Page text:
Monday, November 24, 2014

Mesozoic Miscellany 69

Newsie Bits

ThinkGeek, the popular on-line retailer specializing in, appropriately enough, geeky gifts, recently began selling fossils. This resulted in criticism from paleontologists, and eventually ThinkGeek's decision to halt the sales, at least for a time. Lee Hall posted about the controversy at Extinct Los Angeles, following his original post with a ThinkGeek reply, and his subsequent response. At Jersey Boys Hunt Dinosaurs - as well as her blog Shaman of the Atheistic Sciences, Lisa Buckley has shared her opinions on how to best approach the collecting of fossils. At i09, Artiofab wrote a series of posts on the issue - here, here, and here. Emily Graslie weighed in at the Brain Scoop blog. The American Association of Applied Paleontological Sciences issued a press release supporting ThinkGeek for selling fossils [PDF].

Around the Dinoblogosphere

At Dinosaur Postcards, Denver Fowler writes about some intruguing early 20th century photo postcards which seem to show paleontological work in the Morrison Formation.

It looks like Kansas has its very own bona fide Mosasaurus, after a history of taxonomic reassignments found putative specimens placed in other genera. Anthony Maltese gives you the low down.

Over at Art Evolved, Herman is back with more dinosaur book reviews, offering a positive look at Sloan's Feathered Dinosaurs and a less glowing review of the infamous How to Keep Dinosaurs.

Mark Witton is selling prints!

Learn about the less-publicized dangers of paleontology at Mary Anning's Revenge.

On the lastest episode of the TetZoo podcast, John and Darren offer a great tribute to Eleanor Kish, who recently passed away - in addition to discussions on the Shanklin croc, bird behavior, and the proud tradition of paleontologists giving lousy advice to artists. Thanks for the shout-out to Marc's 2013 post on Kish, guys!

James Gurney is on Soundcloud, and has been posting Dinotopia audio-books. episodes one and two are currently available. Expect a new chapter every Tuesday for the next three months or so. Gurney writes about the project at the Gurney Journey blog.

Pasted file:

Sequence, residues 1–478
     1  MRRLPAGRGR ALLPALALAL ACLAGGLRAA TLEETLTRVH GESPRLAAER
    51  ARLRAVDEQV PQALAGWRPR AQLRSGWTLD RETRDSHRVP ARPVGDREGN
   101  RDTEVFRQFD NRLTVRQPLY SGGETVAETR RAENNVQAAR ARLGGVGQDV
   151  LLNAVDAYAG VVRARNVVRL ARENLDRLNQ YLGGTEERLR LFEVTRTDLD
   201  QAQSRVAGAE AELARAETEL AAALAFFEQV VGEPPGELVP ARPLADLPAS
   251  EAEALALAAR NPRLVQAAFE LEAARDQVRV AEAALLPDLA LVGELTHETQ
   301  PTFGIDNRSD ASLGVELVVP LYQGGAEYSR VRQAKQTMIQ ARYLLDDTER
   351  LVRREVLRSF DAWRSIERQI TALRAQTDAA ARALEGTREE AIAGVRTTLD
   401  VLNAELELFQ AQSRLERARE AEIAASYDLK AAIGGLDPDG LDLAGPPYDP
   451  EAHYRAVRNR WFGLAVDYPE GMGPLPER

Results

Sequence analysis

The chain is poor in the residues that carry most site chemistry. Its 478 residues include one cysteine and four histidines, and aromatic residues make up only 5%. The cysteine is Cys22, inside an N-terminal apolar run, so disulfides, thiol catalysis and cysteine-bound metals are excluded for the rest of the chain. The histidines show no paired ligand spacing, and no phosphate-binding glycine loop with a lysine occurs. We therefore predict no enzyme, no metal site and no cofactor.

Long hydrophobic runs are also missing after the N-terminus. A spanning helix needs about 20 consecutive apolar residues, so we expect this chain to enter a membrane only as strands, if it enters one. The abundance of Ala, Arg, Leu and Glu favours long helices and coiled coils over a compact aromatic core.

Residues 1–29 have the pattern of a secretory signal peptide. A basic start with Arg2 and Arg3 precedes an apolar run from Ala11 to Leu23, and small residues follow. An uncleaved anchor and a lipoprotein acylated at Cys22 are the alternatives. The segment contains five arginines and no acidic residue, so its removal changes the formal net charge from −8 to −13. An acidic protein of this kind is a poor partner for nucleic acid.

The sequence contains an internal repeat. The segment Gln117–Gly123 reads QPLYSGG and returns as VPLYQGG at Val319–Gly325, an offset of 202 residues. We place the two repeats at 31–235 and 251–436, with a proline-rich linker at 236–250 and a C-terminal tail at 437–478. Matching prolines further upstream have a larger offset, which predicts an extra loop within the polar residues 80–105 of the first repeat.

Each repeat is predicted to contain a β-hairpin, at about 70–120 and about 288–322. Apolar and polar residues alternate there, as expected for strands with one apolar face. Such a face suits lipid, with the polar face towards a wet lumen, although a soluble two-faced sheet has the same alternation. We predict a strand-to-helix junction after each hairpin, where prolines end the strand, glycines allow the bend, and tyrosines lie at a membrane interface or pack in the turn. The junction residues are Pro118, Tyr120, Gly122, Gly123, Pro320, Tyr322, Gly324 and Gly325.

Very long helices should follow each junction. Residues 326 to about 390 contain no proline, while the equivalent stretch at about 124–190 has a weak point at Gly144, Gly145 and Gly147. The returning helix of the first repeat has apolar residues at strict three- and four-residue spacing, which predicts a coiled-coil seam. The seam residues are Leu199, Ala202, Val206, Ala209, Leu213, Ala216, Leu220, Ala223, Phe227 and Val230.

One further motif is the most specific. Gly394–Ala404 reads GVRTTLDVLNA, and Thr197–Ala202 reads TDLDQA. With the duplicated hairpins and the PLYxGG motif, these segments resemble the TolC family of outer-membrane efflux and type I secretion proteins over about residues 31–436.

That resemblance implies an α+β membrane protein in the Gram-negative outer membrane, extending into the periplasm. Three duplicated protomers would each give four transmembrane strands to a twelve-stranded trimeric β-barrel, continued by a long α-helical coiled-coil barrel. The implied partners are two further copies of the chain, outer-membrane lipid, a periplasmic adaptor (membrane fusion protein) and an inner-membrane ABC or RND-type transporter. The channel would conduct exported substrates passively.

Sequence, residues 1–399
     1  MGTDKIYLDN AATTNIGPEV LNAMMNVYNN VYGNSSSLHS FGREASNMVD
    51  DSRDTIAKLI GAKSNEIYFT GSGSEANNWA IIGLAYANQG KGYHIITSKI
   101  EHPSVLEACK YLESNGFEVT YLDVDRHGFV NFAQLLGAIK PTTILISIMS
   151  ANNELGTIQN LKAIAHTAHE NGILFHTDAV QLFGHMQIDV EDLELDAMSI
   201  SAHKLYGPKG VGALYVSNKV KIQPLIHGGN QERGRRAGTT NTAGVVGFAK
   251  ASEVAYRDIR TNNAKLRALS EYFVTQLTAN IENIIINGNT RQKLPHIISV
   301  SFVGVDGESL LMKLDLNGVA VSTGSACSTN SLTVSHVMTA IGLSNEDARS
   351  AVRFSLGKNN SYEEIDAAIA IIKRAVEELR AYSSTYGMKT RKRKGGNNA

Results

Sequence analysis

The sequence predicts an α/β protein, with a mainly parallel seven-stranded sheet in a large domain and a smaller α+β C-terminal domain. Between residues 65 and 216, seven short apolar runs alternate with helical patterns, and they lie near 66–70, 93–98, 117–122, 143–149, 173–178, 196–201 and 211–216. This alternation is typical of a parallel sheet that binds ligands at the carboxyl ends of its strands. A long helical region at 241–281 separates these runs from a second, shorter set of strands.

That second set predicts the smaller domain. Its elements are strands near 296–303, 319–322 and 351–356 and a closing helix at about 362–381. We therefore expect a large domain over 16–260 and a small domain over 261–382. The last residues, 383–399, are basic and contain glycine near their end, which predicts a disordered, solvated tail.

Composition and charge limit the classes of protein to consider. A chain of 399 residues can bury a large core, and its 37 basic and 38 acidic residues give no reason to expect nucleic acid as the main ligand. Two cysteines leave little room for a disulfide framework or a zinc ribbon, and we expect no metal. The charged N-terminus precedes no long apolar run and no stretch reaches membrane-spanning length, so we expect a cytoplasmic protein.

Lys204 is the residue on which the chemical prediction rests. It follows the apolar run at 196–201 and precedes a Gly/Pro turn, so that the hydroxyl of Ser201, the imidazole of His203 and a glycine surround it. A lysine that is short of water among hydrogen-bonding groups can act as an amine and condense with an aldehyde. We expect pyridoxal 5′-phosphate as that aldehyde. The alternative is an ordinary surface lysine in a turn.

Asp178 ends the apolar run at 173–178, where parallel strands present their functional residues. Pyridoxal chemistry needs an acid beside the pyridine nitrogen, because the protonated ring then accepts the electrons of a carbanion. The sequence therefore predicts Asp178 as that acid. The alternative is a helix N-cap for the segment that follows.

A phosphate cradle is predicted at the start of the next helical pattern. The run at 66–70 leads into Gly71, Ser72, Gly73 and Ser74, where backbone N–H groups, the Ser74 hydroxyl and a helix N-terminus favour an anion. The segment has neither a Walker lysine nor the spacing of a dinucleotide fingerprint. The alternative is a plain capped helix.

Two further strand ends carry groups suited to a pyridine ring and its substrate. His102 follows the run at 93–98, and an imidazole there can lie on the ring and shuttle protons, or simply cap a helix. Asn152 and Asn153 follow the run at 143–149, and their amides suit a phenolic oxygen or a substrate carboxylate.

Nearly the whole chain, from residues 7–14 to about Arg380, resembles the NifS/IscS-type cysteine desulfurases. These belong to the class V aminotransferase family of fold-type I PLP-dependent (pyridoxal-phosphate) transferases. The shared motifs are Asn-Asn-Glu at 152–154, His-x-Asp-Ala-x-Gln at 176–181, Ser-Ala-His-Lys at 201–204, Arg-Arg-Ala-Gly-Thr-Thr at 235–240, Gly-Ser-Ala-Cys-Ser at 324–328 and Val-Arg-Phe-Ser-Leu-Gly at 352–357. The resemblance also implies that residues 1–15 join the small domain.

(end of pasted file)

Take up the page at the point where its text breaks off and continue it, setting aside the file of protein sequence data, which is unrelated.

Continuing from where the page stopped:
On the Dinologue Youtube channel, Brian Switek discusses the Carnegie Dinosaur Quarry at Dinosaur National Monument.

Paul Barrett writes about the Natural History Museum in London's unveiled a new Stegosaurus at New Views on Old Bones. It's the most complete specimen ever found and once it goes on public display on December 4, should be quite a centerpiece for their collection.

At Antediluvian Salad, Duane Nash writes about a visit to Big Sur, musing on redwoods living at the extreme edge of their range, the history of the taxon, and their use in environments in paleoart.

Jurassic World's teaser trailer is set to debut on Thursday, but since this is the way the world works now, there is a teaser trailer for the teaser trailer.

Edited: Well, that was quick. Here's the whole trailer, two days early. In-depth analysis to come!

Extant Theropod Appreciation

At 10,000 Birds, Larry Jordan writes about the Peregrine Falcon's use of tree cavities for nesting sites and shares a video of a peregrine taking on a brown pelican.

Paleoart(ish) Pick

I'm not going to pretend to get the whole Pokemon thing, but DeviantArt recently profiled RJ Palmer, who illustrated the realistic Pokemon series, about his dinosaur obsession and the way it informs his work. They're pretty great, and in the interview RJ gives props to some other great illustrators, including official friend of LITC Paul Heaston. Check it out (er, catch 'em all)!


  1. "Over at Art Evolved, Herman is back with more dinosaur book reviews, offering a positive look at Sloan's Feathered Dinosaurs and a less glowing review of the infamous How to Keep Dinosaurs."

    Many thanks for the shout out!


  2. I am curious as to what you think of the Pliosaurus. It immediately looked out of scale to me so I looked it up and it seems like the largest skulls are in the neighborhood of 8-10 feet, no? Not so much with the 25=30 feet depicted (depending on the size of the great white shark it is swallowing whole) right?

    Their Stegosaurs always seem way out of scale too.

    1. I think it's supposed to be something within the spectrum of what might tentatively be described as a 'mosasaur' - but it looks crappy none-the-less. Would it be unbearably ironic to say that it looks too 'theme-parky'?

      Also, I can think of five organisations that would have a minor quibble or two regarding the slaughter of a white shark for the enjoyment of slack-jawed punters. He he.

      I've got my ticket..

    2. Looks like it's a mosasaur to me, based on the shape of the head and the palatine teeth. But yes, it's insanely big. Why, they're rivalling the WWD TV series in terms of marine reptile inflation!

  3. I'm super thrilled about the new stegosaur - that was always one of my favorite dinos.


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